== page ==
A Cheesy Visit to Gouda, Netherlands!

Yes, I know the title is ridiculous.  I just couldn’t resist.

Gouda (pronounced “how-da”), Netherlands is a small, canal town in South Holland, a little less than an hour’s train ride from Amsterdam.  Gouda is most famous for its namesake cheese and its famous Thursday market celebrating said cheese – the Kaasstad!  In addition, Gouda has a well-preserved 15th century town hall (the Stadhuys), beautiful canals running throughout the city and a compact center.  I visited Gouda as a day trip from Amsterdam and highly recommend it!  Here are some pictures of the charming town:

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The Kaasstad

As one would expect, the Kaasstad (or cheese market in English) is the main tourist attraction in Gouda!  The Kaasstad takes place every Thursday during the warm months (approximately April – August) from 10 – 12:30 in the historic center of Gouda.  Gouda’s historic center, marked by the Stadhuys, is a short, 10 minute walk from the train station.  You can’t miss it.


Signs for the cheese market!


The cheese market in front of the Stadhuys!

The Kaasstad opens promptly at 10:00.  Traditionally dressed farmers set up their huge gouda wheels and begin haggling with buyers.  More importantly, traditionally dressed women hand out free samples of cheese!

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While pretty damn touristy, the Kaasstad is quite entertaining and very interesting, and I mean, you are a tourist… The auction lasts until about 12:00, when the farmers start packing the unsold cheese into the backs of tractors, and it officially closes at 12:30.  Get there early if you want to enjoy the auction!  Note – as a tourist, you cannot purchase cheese at the Kaasstad, but you can purchase from the surrounding, local vendors!


Gouda on a tractor!

In addition to the Kaasstad, the entire town of Gouda opens up to welcome visitors on Thursdays.  A market pops up around the Stadhuys around the same time as the Kaasstad, selling everything from cheese and meats to clothing to plants and more!  This market lasts longer than the Kaasstad and gives tourists an opportunity to buy gouda from local farmers.


Market surrounding the Kaasstad

The cheese selection at the market:

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We purchased some to bring back to our hotel.  Note – if you are planning to take cheese back to the US, make sure it conforms with Custom’s regulations, meaning that it probably has to be shrink-wrapped and stamped.  In addition to cheese, these “churros” were freshly fried, cheap and really delicious!

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What To Do On Non-Kaasstad Days?

Aside from the cheese market, Gouda’s main attraction is the ambiance of the town itself.  Gouda is clearly an old town, and it maintains a lot of character.  One of the most famous sites is the 15th century Stadhuys in Markt Square.  On many days (including cheese market days), you can enter the building for a few euros.  The interior is quite different from other “old buildings” in European towns, as this one has been re-done to host modern events.  The basement level is particularly modern!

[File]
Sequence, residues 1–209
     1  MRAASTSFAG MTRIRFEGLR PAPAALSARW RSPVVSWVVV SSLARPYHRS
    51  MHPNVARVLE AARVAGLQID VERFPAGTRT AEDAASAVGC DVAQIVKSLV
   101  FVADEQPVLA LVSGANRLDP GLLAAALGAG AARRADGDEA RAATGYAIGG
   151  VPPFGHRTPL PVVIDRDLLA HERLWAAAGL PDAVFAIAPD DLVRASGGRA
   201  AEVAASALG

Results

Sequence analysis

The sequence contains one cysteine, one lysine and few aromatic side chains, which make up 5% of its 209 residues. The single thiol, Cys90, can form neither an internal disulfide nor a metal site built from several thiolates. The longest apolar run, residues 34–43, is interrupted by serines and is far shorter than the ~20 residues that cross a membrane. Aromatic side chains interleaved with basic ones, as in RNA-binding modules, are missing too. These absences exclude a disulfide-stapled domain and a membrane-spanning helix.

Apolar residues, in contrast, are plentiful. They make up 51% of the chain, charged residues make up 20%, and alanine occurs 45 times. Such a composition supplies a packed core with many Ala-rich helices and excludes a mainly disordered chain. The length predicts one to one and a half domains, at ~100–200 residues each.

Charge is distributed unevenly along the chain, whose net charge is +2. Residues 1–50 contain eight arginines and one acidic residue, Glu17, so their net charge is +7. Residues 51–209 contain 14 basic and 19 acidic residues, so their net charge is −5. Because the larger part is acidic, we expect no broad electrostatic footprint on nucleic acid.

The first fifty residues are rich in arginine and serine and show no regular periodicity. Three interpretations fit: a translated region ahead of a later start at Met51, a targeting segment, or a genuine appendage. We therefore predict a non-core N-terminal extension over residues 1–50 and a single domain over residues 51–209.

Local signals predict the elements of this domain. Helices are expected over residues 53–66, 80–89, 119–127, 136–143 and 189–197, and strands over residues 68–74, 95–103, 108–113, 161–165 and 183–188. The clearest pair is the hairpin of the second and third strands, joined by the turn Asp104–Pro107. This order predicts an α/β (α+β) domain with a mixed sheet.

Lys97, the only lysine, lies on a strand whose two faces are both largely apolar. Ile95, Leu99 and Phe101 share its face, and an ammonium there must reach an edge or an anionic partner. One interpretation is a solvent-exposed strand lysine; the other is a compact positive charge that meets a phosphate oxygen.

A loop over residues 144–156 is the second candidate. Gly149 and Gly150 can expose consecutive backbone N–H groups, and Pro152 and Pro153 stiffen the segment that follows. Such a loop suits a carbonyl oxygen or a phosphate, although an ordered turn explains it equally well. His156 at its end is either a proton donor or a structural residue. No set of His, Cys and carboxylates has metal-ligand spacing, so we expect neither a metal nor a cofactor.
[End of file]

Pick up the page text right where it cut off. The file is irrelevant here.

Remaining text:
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And if you miss the Kaasstad, you can (and should) visit one of gouda’s many cheese shops. These shops have more gouda than you can imagine and there are so many free samples!  My favorite shop is ’t Kaaswinkeltje, which specializes in Gouda farmer’s cheese!  Want to try basil gouda, truffle gouda, blueberry gouda?  You can sample them all here for free!

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On the food note, stroopwaffles, a Dutch specialty, are originally from the Gouda area, and they are available all over town.  While I also tried stroopwaffles on my Hungry Birds Food Tour (click to read), there is something special about having it in its hometown.


The canals are another reason to visit Gouda.   While not as big as Amsterdam’s canals, Gouda’s canals are more manageable, more quaint and more photogenic!  I enjoyed walking around the town photographing the canals and gorgeous flowers.  #Sorrynotsorry for the barrage of pictures!


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Even the canals have cheese!


How to Get to Gouda?

I took a train from Amsterdam’s Central Station station around 10:00 in the morning and came back by train in the late afternoon.  The train ride was pretty easy, and downtown Gouda is a short walk from the train station.  The cost was €22,00 roundtrip per person.  As of August 2015, if you want to purchase tickets with a non-pin credit card, you have to go to an actual person.  Just before you board, validate your train ticket and take a seat.  Stops are announced in English.

Steal Our Trip

Gouda – Lots of information available on the town’s website, including dates of the Kaasstad!

’t Kaaswinkeltje – Lange Tiendeweg 30, 2801 KH Gouda, Holland.  E: info@kaaswinkeltje.com.  Fabulous cheese store in old town Gouda with lots of free samples.

Netherlands Trains – Find train times and information on this website (in English).

Gouda Cheese Market – the Kaasstad’s website (in English).  Lot’s of good information, including dates and special events!

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